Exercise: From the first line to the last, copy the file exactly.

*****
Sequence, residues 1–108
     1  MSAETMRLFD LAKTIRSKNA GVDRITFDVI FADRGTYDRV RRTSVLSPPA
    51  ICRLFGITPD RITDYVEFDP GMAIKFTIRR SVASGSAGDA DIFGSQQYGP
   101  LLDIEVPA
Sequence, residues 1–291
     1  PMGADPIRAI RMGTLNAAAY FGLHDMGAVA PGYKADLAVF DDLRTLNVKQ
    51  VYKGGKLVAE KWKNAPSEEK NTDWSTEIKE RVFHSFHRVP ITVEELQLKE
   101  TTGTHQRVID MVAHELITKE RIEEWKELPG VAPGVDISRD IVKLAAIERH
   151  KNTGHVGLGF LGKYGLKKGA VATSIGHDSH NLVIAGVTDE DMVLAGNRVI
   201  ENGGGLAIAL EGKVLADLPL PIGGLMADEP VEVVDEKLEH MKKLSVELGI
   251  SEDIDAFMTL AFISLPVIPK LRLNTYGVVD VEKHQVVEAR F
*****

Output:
Sequence, residues 1–108
     1  MSAETMRLFD LAKTIRSKNA GVDRITFDVI FADRGTYDRV RRTSVLSPPA
    51  ICRLFGITPD RITDYVEFDP GMAIKFTIRR SVASGSAGDA DIFGSQQYGP
   101  LLDIEVPA
Sequence, residues 1–291
     1  PMGADPIRAI RMGTLNAAAY FGLHDMGAVA PGYKADLAVF DDLRTLNVKQ
    51  VYKGGKLVAE KWKNAPSEEK NTDWSTEIKE RVFHSFHRVP ITVEELQLKE
   101  TTGTHQRVID MVAHELITKE RIEEWKELPG VAPGVDISRD IVKLAAIERH
   151  KNTGHVGLGF LGKYGLKKGA VATSIGHDSH NLVIAGVTDE DMVLAGNRVI
   201  ENGGGLAIAL EGKVLADLPL PIGGLMADEP VEVVDEKLEH MKKLSVELGI
   251  SEDIDAFMTL AFISLPVIPK LRLNTYGVVD VEKHQVVEAR F